Kayla: One beautiful thing about human connection is that [people] can have completely different thoughts on literally anything in the world and something can, say, inspire a whole movement within a simple conversation and a new perspective can change how you think about something completely. I feel like that’s what I want my art to do, whether it be to teach and to come from a place of you know, “This is history. This is a fact.” But also the cultural, social, importance of whatever I’m talking about. For example, right now I’m trying to talk about culture, religion, pre-colonialism, and preconceived notions. But I want to use art and poetry and even dance to show this. There’s so much social language between us. There’s so much cultural language and I feel like art is a moving factor because as the human race, we never stay stagnant. I feel like art moves us in another direction. I want to use art as a way to break down isms. I want to use art to break down isms and phobias and just inspire new ways of thinking.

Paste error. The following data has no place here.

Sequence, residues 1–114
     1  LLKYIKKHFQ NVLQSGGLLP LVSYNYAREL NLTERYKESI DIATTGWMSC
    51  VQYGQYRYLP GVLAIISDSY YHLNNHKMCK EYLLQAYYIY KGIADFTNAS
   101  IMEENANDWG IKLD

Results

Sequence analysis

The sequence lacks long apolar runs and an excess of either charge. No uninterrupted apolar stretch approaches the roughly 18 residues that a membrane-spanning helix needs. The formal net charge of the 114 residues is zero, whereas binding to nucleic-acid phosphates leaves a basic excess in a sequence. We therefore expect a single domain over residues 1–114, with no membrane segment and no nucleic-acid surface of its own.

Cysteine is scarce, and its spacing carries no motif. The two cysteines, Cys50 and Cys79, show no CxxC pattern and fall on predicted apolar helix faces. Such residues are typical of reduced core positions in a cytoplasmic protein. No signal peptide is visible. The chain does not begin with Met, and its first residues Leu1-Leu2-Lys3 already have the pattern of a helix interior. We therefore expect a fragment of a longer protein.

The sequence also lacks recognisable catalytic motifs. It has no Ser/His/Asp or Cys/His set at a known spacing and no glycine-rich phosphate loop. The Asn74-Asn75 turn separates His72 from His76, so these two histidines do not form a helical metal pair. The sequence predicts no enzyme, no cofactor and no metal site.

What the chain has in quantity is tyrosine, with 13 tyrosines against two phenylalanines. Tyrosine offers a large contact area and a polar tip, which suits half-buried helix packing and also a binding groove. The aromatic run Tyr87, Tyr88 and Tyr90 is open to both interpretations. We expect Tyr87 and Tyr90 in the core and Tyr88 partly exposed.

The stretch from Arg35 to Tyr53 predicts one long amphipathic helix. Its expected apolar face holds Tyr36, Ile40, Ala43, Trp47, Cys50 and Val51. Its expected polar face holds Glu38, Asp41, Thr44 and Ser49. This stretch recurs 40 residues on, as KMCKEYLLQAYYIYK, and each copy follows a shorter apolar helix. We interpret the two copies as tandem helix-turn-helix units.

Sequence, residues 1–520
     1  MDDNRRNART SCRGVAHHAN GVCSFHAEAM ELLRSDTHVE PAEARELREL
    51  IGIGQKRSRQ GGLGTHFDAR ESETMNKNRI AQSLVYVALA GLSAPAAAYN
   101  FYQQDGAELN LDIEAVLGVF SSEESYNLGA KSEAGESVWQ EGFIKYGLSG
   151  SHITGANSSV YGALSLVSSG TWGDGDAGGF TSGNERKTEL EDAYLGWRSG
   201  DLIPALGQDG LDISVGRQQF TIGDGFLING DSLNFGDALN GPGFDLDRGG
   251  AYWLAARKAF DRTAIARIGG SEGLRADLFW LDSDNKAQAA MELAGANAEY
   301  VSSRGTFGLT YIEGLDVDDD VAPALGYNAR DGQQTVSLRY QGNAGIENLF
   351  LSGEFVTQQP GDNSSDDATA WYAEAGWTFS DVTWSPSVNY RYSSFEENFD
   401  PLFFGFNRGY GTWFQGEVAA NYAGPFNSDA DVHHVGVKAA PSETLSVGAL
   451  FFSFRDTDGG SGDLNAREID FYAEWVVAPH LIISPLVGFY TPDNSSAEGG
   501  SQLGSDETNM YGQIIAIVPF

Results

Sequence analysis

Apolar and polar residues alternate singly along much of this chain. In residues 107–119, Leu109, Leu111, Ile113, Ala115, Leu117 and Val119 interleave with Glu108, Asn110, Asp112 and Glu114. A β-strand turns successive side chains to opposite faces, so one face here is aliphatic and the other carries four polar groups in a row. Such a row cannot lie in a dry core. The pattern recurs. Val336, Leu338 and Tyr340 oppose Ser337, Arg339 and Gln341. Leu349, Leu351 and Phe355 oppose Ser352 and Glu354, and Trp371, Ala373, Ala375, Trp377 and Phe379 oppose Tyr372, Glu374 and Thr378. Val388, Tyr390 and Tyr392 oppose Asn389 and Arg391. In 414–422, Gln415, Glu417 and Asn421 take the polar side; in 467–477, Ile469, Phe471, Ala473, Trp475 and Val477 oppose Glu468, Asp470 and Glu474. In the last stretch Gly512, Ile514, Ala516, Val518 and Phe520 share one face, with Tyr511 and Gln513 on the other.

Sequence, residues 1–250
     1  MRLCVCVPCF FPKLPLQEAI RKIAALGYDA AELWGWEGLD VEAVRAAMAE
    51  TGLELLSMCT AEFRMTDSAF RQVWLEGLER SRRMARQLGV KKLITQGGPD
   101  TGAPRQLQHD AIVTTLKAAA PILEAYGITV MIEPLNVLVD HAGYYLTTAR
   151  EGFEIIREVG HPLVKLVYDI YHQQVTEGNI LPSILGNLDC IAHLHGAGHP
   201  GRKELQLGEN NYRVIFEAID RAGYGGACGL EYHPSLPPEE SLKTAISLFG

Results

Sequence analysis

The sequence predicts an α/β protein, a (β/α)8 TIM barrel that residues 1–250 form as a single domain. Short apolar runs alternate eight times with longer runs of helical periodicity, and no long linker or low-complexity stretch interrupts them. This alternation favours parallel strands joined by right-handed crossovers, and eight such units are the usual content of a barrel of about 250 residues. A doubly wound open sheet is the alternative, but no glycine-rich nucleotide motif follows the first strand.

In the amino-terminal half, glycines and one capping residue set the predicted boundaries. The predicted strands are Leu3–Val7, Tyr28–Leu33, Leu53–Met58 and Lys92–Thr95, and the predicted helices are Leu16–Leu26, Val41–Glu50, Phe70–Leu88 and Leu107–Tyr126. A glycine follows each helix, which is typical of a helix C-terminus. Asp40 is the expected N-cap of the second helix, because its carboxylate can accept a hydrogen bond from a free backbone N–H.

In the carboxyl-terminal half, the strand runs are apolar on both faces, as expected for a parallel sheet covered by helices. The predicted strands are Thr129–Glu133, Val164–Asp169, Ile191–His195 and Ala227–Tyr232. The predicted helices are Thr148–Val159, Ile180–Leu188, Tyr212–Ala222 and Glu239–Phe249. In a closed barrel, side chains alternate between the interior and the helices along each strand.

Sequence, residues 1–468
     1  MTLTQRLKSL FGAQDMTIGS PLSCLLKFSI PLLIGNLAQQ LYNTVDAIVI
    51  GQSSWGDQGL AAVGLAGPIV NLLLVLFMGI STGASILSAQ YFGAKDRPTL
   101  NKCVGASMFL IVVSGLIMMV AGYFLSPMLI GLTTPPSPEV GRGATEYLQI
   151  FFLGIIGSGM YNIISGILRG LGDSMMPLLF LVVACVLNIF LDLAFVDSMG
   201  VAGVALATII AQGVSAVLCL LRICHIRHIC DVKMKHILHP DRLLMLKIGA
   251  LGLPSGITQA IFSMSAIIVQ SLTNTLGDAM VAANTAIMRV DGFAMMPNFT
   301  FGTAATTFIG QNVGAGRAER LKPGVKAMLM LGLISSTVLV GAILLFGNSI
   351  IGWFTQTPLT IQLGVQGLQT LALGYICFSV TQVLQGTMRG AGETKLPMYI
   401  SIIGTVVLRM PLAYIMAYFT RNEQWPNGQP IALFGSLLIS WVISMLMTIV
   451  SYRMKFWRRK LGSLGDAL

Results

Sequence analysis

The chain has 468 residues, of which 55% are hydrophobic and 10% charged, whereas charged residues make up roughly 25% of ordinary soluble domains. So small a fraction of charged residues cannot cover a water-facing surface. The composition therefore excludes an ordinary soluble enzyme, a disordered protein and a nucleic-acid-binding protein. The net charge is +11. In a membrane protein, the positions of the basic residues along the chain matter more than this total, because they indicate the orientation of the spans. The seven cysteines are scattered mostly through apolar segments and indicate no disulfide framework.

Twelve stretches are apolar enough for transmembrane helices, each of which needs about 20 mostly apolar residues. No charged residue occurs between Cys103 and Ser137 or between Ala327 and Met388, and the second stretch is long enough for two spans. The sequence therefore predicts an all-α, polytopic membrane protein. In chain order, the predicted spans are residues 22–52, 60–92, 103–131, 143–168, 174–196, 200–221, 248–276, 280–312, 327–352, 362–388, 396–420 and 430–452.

Lori: So do you think arts education is a critical part of the educational experience? 

Kayla: Art is definitely critical in education. I feel like we let down so many students by only teaching STEM. Art in all its capacities should be in school because there are so many students who will never know about all the amazing things they can do outside of being an engineer. Outside of being a lawyer. Outside of being a doctor. I feel like we really fail these students because there are so many people with amazing things to say with beautiful talents [and] the most awesome creativity ever. I feel like overall as a society, we’ll be so much better off if we let people create. I feel like creativity is always looked down upon because it’s not the same, stable career as being a doctor. But there’s so much creativity in schools. I feel like art brings joy to people that a lot of other things do not. When there’s a global pandemic, where everyone’s stuck in their house…no one’s really doing anything. What does everyone turn to? Art. Everyone turns on the music, you know? Everyone starts listening to podcasts, everyone starts watching TV. And that was created by artists. Whatever form they may have been, whether they are photographers, whether they are writers, whether they’re visual artists, whether they’re musicians, everyone turns to art. it just brings a joy that I feel like nothing else brings.